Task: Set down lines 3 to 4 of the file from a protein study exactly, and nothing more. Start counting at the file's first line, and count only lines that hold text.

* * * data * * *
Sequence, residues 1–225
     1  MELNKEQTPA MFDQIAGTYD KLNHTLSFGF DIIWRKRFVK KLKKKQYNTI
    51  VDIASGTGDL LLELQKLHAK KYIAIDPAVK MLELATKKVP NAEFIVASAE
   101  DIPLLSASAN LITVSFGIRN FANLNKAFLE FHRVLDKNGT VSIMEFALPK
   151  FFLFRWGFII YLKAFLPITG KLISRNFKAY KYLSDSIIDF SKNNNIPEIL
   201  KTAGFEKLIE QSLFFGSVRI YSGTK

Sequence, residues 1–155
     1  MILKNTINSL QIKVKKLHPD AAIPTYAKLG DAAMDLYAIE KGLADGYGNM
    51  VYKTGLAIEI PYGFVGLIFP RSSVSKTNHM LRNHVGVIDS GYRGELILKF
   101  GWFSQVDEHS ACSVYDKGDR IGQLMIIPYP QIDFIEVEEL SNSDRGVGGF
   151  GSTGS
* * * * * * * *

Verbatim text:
    51  VDIASGTGDL LLELQKLHAK KYIAIDPAVK MLELATKKVP NAEFIVASAE
   101  DIPLLSASAN LITVSFGIRN FANLNKAFLE FHRVLDKNGT VSIMEFALPK